Rui Wei, Guang Yang, Jili Zhang
International Journal of Wildland Fire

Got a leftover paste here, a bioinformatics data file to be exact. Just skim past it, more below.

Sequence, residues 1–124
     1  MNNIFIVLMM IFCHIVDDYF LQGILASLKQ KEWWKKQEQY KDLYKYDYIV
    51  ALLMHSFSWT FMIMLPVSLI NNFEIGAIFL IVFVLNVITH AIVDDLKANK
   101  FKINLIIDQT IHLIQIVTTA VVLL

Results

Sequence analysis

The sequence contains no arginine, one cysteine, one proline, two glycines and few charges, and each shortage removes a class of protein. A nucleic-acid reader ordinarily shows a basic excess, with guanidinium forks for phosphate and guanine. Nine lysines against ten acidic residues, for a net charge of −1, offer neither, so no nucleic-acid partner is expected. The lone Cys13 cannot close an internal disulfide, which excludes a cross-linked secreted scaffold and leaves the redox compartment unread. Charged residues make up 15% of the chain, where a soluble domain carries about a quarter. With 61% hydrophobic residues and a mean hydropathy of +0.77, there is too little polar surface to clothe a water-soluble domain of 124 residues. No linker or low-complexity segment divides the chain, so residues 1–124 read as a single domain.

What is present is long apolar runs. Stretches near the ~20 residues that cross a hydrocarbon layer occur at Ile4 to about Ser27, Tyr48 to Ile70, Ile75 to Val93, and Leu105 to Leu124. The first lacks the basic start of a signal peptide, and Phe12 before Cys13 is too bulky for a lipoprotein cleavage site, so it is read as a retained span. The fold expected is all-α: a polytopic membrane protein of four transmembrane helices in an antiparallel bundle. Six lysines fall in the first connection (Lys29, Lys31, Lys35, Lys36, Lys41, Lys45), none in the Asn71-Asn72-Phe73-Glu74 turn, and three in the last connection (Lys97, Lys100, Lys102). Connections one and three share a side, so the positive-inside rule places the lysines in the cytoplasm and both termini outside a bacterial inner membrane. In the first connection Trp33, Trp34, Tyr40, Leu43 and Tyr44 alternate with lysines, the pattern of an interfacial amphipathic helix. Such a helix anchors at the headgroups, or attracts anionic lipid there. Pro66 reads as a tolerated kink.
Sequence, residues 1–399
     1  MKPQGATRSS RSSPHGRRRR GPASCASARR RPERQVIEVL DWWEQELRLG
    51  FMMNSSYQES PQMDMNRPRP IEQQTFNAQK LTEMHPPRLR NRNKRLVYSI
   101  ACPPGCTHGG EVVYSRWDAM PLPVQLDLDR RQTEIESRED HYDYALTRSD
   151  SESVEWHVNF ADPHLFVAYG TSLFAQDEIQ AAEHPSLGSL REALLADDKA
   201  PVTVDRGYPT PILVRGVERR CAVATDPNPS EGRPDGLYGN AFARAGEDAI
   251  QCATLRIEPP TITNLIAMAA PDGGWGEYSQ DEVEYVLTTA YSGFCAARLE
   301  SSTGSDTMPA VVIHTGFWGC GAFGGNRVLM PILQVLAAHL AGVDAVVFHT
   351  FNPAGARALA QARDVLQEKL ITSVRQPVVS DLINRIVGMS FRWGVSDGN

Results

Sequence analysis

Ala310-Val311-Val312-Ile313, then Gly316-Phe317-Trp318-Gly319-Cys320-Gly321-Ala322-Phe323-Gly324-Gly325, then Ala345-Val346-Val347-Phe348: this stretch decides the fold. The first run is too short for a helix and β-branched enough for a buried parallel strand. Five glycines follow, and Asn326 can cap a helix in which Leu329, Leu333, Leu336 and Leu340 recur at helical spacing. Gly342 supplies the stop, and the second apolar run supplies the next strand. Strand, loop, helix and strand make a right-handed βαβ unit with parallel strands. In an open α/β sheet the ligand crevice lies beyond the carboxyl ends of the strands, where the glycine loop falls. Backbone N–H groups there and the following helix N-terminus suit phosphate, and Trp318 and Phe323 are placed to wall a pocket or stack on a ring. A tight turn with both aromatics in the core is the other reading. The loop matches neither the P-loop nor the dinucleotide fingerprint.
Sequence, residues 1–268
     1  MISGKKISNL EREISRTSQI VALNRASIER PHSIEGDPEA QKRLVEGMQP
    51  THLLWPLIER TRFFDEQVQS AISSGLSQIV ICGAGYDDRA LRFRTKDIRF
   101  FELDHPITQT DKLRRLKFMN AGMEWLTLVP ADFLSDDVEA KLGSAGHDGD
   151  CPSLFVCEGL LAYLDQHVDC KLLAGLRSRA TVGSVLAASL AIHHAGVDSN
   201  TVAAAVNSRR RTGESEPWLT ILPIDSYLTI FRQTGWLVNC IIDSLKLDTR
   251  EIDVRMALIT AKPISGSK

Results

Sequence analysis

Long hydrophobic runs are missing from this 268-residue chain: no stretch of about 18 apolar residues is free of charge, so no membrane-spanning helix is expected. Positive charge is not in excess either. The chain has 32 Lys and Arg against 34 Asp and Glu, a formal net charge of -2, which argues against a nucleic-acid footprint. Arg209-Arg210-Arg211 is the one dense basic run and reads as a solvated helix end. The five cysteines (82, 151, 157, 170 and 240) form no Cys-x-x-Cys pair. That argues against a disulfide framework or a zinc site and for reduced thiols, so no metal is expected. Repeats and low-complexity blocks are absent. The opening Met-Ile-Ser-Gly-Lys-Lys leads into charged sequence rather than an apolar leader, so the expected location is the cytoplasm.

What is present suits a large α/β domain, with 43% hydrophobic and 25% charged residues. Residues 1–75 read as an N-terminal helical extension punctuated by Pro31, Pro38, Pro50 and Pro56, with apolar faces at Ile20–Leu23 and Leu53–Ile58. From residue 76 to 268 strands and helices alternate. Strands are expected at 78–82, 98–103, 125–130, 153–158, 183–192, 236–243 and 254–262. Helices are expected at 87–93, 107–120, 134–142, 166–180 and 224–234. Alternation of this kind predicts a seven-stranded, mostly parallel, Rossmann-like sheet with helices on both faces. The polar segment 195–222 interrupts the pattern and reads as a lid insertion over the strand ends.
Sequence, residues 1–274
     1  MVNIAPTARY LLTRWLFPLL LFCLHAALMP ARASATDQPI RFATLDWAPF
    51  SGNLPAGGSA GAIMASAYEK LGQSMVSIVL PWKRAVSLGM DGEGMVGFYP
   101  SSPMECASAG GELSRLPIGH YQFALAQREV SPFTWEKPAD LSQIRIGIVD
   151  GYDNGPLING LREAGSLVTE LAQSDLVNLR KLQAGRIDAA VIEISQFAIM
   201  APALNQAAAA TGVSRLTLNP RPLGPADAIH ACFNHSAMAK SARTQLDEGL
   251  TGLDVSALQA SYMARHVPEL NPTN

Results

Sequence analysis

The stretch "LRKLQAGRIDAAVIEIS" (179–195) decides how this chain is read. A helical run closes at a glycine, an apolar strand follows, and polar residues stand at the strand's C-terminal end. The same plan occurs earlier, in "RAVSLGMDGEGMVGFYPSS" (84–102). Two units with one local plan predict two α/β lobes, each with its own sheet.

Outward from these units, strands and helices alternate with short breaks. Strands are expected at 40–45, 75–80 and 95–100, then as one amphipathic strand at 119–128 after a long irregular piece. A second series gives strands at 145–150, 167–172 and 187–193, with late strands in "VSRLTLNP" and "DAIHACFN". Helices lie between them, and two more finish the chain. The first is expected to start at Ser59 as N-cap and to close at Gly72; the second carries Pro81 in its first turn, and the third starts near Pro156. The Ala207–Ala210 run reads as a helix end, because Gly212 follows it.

The survival probability of a tree exposed to surface fire varies widely depending on its bark. To advance the understanding of insulation properties of bark, mean thickness (BT), moisture content (MCb), surface structure (BS) and density (ρb) of bark samples of Mongolian oak (Quercus mongolica) (n=395) for four diameter classes were investigated. In addition, data from 158 heating experiments simulating low-intensity surface fires in the laboratory were used to assess the relative importance of these properties affecting thermal insulation and evaluate the applicability of two stem heating models, an analytical, one-dimensional model and the FireStem2D model. Overall, BT is the best predictor of bark insulation capacity and MCb only contributes significantly to explain the residence time of cambial temperature >60°C (τ>60), whereas ρb and BS have minor effects. Although the two stem heating models overestimate the time required for cambium temperatures to reach 60°C (τ60), FireStem2D performed better than analytical model. Furthermore, FireStem2D provides good predictions of τ>60 and maximal cambial temperature (Tmax). In addition, errors in FireStem2D may be driven mainly by the errors in temperature measurement and the limitation of a two-dimensional model. The study provides a better knowledge of interactions between bark properties and heat transfer, which may improve the predictability of fire-caused stem injury for Mongolian oak and other species with similar bark properties.